Miriam, in a fit of feminine jealousy, some time afterward acted on Aaron so as to induce him to join in murmuring against Moses: the former relying on her prophetic inspiration (Exodus 15:20), the latter on his priesthood, as though equal with Moses in the rank of their commission. Their pretext against Moses was his Ethiopian wife, a marriage abhorrent to Hebrew feelings. That Miriam was the instigator appears from her name preceding that of Aaron (Numbers 12), and from the leprosy being inflicted on her alone. Aaron, with characteristic impressibleness, repented of his sin almost immediately after he had been seduced into it, upon Jehovah's sudden address to Moses, Aaron, and Miriam, declaring His admission of Moses to speak with Him "mouth to mouth, apparently," so that he should "behold the similitude of the Lord," a favor far above all "visions" vouchsafed to prophets. At Aaron's penitent intercession with Moses, and Moses' consequent prayer, Miriam was healed.
Twenty years later (1471 B.C.), in the wilderness of Paran, the rebellion took place of Korah and the Levites against Aaron's monopoly of the priesthood, and of Dathan, Abiram, and the Reubenites against Moses' authority as civil leader. It is a striking instance of God's chastising even His own people's sin in kind. As Aaron jealously murmured against Moses, so Korah murmured against him. Fire from the Lord avenged his cause on Korah and the 250 priestsn with him burning incense: and the earth swallowed up the Reubenites with Dathan and Abiram. Possibly Reuben's descendants sought to recover the primogeniture forfeited by his incest (Genesis 49:3-4; 1 Chronicles 5:1). The punishment corresponded to the sin; pride goeth before destruction, and a haughty spirit before a fall. His numbers were so reduced that Moses prays for his deliverance from extinction: "Let Reuben live, and not die, and let not his men be few."
A plague from the Lord had threatened to destroy utterly the people for murmuring against Moses and Aaron as the murderers of Korah, Dathan, Abiram, and their accomplices, when Aaron proved the efficacy of his priesthood by risking his own life for his ungrateful people, and "making atonement for the people" with incense in a censer, and "standing between the living and the dead," so that the plague was stopped (Numbers 16). To prevent future rivalry for the priesthood, God made Aaron's rod alone of the twelve rods of Israel, suddenly to blossom and bear almonds, and caused it to be kept perpetually "before the testimony for a token against the rebels" (Numbers 17; Hebrews 9:4).
Inclined to lean on his superior brother, Aaron naturally fell into Moses' sin at Meribah, and shared its penalty in forfeiting entrance into the promised land (Numbers 20:1-13). As Moses' self-reliance was thereby corrected, so was Aaron's tendency to be led unduly by stronger natures than his own. To mark also the insufficiency of the Aaronic priesthood to bring men into the heavenly inheritance, Aaron must die a year before Joshua (the type of Jesus) leads the people into their goodly possession. While Israel in going down the wady Arabah, to double the mountainous land of Edom, was encamped at Mosera, he ascended Mount Hor at God's command. There Moses stripped him of his pontifical robes, and put them upon Eleazar his son; and Aaron died, 123 years old, and was buried on the mountain (Numbers 20:28; Numbers 20:38; Deuteronomy 10:6; Deuteronomy 32:50). The mountain is now surmounted by the circular dome of the tomb of Aaron, a white spot on the dark red surface.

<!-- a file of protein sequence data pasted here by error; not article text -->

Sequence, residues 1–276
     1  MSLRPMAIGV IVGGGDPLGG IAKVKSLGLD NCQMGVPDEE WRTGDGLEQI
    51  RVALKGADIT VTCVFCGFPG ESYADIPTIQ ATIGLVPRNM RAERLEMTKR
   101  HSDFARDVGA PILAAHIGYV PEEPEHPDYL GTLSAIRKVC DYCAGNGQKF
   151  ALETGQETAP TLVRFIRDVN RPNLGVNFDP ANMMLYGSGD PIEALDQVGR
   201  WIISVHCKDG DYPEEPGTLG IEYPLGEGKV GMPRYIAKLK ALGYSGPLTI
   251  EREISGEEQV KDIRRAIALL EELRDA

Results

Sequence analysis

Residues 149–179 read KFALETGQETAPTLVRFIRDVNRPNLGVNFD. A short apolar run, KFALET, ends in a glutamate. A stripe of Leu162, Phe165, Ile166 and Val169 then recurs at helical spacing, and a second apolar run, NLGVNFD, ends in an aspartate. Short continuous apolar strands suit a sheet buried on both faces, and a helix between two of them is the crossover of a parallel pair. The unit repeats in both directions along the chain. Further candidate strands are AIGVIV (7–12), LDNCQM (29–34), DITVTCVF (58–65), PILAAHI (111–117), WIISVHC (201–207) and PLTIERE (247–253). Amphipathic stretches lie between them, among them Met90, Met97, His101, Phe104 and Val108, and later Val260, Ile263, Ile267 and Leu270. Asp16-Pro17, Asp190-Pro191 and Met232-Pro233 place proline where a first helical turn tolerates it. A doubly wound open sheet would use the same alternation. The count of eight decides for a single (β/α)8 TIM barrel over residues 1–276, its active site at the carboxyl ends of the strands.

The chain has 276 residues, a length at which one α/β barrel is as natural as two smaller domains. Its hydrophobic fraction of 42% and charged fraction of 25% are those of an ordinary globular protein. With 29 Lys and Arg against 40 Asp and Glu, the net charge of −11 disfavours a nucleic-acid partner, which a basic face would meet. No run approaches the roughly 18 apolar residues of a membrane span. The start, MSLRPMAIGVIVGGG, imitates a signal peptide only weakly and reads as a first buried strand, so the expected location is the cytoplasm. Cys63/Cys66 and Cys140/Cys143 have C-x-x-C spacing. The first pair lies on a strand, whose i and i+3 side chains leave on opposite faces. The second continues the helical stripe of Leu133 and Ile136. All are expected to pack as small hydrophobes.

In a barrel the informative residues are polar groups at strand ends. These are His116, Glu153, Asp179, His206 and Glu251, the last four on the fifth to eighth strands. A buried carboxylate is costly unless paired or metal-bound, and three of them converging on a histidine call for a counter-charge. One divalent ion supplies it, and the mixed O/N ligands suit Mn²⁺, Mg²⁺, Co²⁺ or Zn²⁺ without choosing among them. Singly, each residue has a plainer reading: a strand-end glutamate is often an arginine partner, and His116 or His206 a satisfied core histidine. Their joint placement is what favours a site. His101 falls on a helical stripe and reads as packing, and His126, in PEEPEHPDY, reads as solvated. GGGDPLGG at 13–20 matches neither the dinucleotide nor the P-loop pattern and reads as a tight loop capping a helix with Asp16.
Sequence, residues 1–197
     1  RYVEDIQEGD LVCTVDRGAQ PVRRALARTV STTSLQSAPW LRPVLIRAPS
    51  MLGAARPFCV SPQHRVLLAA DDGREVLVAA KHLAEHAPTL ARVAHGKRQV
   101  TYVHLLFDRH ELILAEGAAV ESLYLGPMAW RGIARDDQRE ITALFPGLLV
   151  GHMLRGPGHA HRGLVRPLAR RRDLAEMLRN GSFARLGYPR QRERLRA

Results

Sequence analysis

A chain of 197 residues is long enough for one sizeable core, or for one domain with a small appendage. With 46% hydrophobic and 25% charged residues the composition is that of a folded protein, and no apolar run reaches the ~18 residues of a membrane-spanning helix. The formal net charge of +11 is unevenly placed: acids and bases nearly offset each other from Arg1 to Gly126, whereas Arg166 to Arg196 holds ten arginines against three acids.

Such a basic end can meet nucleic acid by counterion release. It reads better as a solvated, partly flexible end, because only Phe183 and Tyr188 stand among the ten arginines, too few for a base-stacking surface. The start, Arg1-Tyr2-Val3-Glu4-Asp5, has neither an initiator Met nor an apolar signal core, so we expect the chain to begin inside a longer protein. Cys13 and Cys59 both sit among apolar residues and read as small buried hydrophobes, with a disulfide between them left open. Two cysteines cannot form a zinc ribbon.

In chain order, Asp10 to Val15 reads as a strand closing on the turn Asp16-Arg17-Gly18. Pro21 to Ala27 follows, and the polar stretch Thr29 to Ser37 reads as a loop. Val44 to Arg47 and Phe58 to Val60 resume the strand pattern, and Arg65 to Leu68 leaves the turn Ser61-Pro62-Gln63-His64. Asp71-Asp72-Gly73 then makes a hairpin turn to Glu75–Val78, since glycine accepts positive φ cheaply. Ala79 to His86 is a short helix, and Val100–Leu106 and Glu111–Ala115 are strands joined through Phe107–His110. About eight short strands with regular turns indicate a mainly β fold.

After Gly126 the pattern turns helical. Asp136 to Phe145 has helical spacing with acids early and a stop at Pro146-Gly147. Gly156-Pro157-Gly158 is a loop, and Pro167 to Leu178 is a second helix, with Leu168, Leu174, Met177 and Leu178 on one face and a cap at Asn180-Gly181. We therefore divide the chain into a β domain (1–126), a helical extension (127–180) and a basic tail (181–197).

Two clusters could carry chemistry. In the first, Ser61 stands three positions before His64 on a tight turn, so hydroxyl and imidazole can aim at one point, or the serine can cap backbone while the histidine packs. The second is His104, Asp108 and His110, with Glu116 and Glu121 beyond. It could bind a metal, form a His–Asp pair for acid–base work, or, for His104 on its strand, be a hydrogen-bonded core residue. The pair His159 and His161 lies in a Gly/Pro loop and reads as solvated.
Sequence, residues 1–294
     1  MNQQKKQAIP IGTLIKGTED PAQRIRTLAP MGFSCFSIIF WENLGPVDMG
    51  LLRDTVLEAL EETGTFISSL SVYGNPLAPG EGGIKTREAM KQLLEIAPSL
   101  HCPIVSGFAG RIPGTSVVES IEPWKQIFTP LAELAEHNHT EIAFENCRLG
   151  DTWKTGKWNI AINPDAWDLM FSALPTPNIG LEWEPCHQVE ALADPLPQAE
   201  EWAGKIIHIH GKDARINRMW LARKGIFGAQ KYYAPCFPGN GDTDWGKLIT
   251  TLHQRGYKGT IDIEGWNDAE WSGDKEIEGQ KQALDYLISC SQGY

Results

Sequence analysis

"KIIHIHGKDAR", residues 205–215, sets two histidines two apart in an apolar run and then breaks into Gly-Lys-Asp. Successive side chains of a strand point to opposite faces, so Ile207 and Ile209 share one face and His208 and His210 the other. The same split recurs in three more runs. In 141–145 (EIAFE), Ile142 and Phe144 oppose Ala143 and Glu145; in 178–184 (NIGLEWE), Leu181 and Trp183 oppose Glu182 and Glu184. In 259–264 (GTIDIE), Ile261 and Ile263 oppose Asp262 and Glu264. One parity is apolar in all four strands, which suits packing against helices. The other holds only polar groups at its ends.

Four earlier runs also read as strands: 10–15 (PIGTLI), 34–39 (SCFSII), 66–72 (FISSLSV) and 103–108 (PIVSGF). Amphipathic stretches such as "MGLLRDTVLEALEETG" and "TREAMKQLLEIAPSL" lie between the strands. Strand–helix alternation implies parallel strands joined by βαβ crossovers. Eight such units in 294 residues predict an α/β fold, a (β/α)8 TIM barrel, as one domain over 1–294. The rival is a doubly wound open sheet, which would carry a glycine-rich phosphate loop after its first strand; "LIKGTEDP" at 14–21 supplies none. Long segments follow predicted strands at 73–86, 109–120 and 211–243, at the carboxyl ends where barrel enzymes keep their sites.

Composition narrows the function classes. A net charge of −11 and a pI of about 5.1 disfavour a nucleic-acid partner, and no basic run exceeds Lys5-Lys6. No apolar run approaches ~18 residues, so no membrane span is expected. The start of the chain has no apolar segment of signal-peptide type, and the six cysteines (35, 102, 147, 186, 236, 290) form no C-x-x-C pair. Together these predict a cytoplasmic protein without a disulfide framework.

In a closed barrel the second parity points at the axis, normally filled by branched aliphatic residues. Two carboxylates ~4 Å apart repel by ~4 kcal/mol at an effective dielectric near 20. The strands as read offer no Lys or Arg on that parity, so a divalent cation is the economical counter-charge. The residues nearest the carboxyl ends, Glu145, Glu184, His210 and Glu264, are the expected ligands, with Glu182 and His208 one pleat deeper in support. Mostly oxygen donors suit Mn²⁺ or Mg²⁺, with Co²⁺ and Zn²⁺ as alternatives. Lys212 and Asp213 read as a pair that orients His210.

For thirty days all Israel mourned for him; and on the 1st of the 5th month, Ab (our July or August), the Jews still commemorate him by a fast. Eleazar's descendants held the priesthood until the time of Eli, who, although sprung from Ithamar, received it. With Eli's family it continued until the time of Solomon, who took it from Abiathar, and restored it to Zadok, of the line of Eleazar; thus accomplishing the prophecy denounced against Eli (1 Samuel 2:30). For the Jews' opinion of Aaron, see the apocryphal Ecclesiasticus 45.
His not taking the priestly honor to himself, but being called by God (Hebrews 5:4-5), his anointing with incommunicable ointment (compare Psalms 45:7 and Psalms 133:2), his intercession for his guilty people, his bearing the names of his people on his shoulders and breast (Exodus 28:12; Exodus 28:29-30), his being the only high priest, so that death visited any other who usurped the priesthood, his rod of office (compare Psalms 110:2; Numbers 24:17), his alone presenting the blood before the mercy-seat on the day of atonement, the HOLINESS TO THE LORD on his forehead in his intercession within the veil (compare 1 Corinthians 1:30; Hebrews 9:24), the Urim and Thummim (Light and Perfection), all point to the true High Priest, the Lord Jesus Christ. Aaron's descendants, to the number of 3,700 fighting men, with Jehoiada, father of Benaiah, their head, joined David at Hebron (1 Chronicles 12:27; 1 Chronicles 27:17); subsequently, Zadok was their chief, "a young man mighty of valor."
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Fausset, Andrew R. Entry for 'Aaron'. Fausset's Bible Dictionary. https://www.studylight.org/​dictionaries/​eng/​fbd/​a/aaron.html. 1949.